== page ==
The Global Innovation Series Completes Its First Year

ElsaMarie D’Silva speaks at the Asian American Cultural Center.

Last fall, as a partnership between Yale’s Maurice R. Greenberg World Fellows Program and the Tsai Center for Innovative Thinking at Yale (Tsai CITY), the Global Innovation Series, a series of talks throughout the year, was created. According to the first annual report,

The Global Innovation Series is an exciting new partnership between Yale’s Maurice R. Greenberg World Fellows Program and the Tsai Center for Innovative Thinking at Yale (Tsai CITY), established by 2017 World Fellow and Tsai CITY Innovator in Residence Baljeet Sandhu. As part of the Knowledge Equity Initiative, the series involves a set of events and discussions hosted around Yale’s campus to explore and celebrate the innovative work of groundbreaking global changemakers across industries, geographies, and cultures. Each event is built in partnership with other centers and faculties across the university to connect world leaders with the Yale and New Haven communities and beyond, and to encourage multidisciplinary debate and knowledge exchange.

The Series saw a great success, with 14 events, 409 attendees, and a 9.1/10.0 satisfaction rating. The talks featured many influential world fellows: Fauziya Ali, Major Dongyoun Cho, ElsaMarie D’Silva, Ralph Francois, Sylvia Aguilera García, Julio Guzman, Thynn Thynn Hlaing, Abdul-Rehman Malik, Michael Kalisa, Ibrahim Amadou Niang, Joy Olivier, Elpida Rouka, Sultan Sooud Al Qassemi, Rita Sciarra, and Pilar Velasco.

For more information, read the Tsai CITY article written by Laura Mitchell here.

Yale Day of Service 2019

Each year, Yale Day of Service acts as a celebration of service, of giving back and making a difference. On Saturday, May 11, alumni, family, and friends came out to service sites across the country and around the world to continue this tradition.

In all, 2,500 volunteers are expected to participate in Yale Day of Service in 2019, in roughly 15 countries, nearly all 50 states, and at approximately 225 service sites. And while May 11 served as the official 2019 Yale Day of Service, many service events started earlier this spring and many more will be held in the months ahead.

“Yale has long had a strong tradition of service, and we see that affirmed each year during our annual Day of Service,” said Yale Alumni Association Executive Director Weili Cheng ’77, who took part in a service project at KIPP DC, a college prep charter school in Washington, D.C. “It really is an incredible day – both to give back to the local community and to celebrate service as an integral part of a Yale education and the Yale alumni experience.”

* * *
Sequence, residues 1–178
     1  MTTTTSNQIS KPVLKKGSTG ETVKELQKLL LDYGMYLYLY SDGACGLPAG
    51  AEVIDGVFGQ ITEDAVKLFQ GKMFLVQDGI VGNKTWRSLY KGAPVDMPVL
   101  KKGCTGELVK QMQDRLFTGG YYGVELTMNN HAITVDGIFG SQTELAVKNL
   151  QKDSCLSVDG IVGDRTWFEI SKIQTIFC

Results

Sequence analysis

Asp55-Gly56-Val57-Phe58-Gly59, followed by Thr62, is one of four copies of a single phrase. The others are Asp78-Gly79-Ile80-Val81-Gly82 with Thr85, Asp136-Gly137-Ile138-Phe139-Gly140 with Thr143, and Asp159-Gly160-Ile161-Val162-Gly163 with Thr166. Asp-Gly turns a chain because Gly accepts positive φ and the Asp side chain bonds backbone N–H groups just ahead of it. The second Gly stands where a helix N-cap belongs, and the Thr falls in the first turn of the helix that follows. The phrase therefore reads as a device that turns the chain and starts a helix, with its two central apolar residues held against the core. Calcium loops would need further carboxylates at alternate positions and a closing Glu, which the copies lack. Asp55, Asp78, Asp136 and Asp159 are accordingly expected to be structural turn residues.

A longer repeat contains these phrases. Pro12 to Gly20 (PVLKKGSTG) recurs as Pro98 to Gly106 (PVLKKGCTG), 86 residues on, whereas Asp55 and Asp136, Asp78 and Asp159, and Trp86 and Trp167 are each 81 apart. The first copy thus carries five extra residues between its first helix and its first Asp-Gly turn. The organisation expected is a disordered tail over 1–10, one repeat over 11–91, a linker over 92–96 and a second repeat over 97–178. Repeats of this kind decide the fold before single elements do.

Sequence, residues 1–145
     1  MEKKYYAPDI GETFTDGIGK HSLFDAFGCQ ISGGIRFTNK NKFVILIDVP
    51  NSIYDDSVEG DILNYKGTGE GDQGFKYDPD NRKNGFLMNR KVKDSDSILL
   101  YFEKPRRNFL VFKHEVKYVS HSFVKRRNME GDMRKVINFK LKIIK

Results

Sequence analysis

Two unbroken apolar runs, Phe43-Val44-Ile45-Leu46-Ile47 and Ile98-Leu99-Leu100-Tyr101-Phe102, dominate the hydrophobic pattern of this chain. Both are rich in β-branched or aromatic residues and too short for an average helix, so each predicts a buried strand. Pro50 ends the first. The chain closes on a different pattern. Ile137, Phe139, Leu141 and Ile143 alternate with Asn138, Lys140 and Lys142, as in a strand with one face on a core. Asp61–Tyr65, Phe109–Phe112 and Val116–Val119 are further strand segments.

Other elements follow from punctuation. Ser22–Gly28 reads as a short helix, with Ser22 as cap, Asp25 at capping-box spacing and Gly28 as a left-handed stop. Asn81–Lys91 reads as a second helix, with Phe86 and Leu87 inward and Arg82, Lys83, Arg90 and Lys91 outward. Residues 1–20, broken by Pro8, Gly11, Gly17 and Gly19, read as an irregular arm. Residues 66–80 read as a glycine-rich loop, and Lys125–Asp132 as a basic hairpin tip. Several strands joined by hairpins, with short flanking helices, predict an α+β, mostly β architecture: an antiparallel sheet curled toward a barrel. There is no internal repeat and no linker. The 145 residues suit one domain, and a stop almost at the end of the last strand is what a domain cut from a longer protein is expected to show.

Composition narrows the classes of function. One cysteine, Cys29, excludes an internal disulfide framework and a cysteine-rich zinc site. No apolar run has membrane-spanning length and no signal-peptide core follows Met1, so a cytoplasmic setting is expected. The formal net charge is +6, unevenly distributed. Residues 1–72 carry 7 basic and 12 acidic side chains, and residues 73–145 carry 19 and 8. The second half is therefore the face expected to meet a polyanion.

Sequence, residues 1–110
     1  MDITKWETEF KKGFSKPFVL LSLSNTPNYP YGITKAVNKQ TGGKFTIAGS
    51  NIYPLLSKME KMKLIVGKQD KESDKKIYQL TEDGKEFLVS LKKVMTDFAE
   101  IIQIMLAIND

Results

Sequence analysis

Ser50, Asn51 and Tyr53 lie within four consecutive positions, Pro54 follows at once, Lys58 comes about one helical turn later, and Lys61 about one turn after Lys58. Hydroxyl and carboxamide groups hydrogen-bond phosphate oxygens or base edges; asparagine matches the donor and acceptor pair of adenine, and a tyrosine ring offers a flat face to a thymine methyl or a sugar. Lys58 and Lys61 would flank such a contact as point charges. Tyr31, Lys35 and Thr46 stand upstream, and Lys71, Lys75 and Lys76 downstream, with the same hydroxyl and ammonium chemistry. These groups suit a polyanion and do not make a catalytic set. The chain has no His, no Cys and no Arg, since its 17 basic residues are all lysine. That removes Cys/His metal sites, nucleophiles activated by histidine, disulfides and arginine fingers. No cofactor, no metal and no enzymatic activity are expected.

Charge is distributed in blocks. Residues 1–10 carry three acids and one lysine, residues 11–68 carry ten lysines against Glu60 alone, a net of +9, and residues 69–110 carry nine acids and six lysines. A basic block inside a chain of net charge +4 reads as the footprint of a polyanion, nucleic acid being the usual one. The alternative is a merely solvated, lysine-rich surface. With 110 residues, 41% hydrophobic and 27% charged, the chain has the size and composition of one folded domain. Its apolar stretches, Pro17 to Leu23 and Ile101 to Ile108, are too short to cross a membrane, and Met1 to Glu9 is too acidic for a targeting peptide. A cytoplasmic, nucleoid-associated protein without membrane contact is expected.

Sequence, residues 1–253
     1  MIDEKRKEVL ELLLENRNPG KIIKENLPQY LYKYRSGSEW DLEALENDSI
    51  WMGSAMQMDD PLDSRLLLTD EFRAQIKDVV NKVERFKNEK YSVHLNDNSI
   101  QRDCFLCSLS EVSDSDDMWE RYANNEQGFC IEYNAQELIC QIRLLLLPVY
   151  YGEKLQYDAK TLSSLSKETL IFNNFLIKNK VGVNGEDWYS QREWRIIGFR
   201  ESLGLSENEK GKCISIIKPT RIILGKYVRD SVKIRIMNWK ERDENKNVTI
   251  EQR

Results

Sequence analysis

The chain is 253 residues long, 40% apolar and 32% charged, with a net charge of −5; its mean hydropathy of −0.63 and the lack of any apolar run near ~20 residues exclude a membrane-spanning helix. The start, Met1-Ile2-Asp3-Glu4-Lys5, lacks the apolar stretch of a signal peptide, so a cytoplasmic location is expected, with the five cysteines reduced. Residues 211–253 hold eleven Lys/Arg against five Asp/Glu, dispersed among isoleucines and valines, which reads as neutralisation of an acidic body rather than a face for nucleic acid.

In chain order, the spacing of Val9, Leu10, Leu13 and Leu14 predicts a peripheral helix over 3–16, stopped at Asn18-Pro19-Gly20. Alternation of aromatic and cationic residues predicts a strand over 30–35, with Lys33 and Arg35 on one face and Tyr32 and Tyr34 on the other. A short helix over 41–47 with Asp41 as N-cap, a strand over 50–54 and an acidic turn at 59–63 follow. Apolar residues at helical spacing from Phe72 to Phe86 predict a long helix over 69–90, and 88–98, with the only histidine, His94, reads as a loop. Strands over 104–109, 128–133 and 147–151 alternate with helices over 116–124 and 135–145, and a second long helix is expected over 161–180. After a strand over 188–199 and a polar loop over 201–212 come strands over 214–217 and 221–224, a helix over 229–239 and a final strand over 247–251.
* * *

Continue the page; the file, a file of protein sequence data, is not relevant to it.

The 2019 service projects ran the gamut. Food pantries from Sarasota to San Jose and from Bulgaria to Boston hosted Day of Service volunteers, while alumni in London and the Bronx worked with refugee populations in need. Farms, parks, beaches, and rivers were all the beneficiaries of cleanup efforts in places like Maryland, Miami, Cape Town, and the Netherlands. And students from Seattle, New Haven, and Washington received career advice, homework help, college prep, and more. There was even a tandem bike ride project for the blind in New York City.

As always, Yale Day of Service was especially active in New Haven, with more than 25 projects registered in and around the Elm City. That includes the Newborns in Need event hosted by the Yale School of Nursing, in partnership with the Working Women’s Network, the Yale Child Study Center, the Yale Latino Networking Group, Yale Department of Pediatrics, and YaleWomen CT, which drew close to 150 volunteers, and six events around the area spearheaded by the Yale School of Public Health.

“This is a marvelous tradition that brings the School of Public Health into the community for projects in which we can be of use,” said School of Public Health Dean Sten Vermund. “One day does not transform New Haven, but it is an appreciated gesture of commitment that underscores the YSPH ethos of service.”

For 2019, Day of Service added three new local partners in the Yale Police Department, WorkLife Yale, and the United Way of Greater New Haven. And Yale Veterans were active in the area as well, hosting a Day of Service event in partnership with the Eastern Blind Rehabilitation Service of VA Connecticut Health System.

“It’s incredible how Yale alumni come together like this, and truly inspiring to see the energy and enthusiasm that Yalies around the globe bring to Yale Day of Service each year,” said Matt Meade ’87, who serves alongside Elvira Duran ’05 as alumni co-chair of Day of Service, working with a team of regional coordinators to create service opportunities. “It’s a unique opportunity to meet classmates and make new friends while pursuing a cause that has tangible, meaningful benefits for everyone involved.”

For members of the Yale community looking to get involved in 2019 Day of Service, there are still a host of remaining service projects open for enrollment. Interested volunteers can find a site and register at

Yale Climate Change and Communication Program Finds 70% of American Registered Voters are Worried About Climate Change

This April, the Yale Program on Climate Change Communication, in partnership with the George Mason University Center for Climate Change Communication, released a report on American registered voters and their views on climate change. As can be seen in the graph above, seven out of ten registered voters are worried about global warming. For more statistics and information, read the report here.

National Cancer Center Partnership Expected to Advance Cancer Research at YSPH, Yale

Representatives from Yale and the National Cancer Center of China exchanged gifts in recognition of their new partnership.

On May 1st, representatives from the Yale School of Public Health, the Yale Cancer Center, and the Yale Institute for Global Health met up with representatives of the National Cancer Center of China in order to sign a memorandum. This marks the beginning of a new partnership between Yale and the National Cancer Center of China, which will allow for collaborative research and workforce training between nations.

Internally, both institutions have been collaborating informally on workforce development and research training through the NIH Fogarty training program. Nevertheless, the new program formalized the collaboration and will likely make data and research sharing easier and more accessible for researchers at both institutions.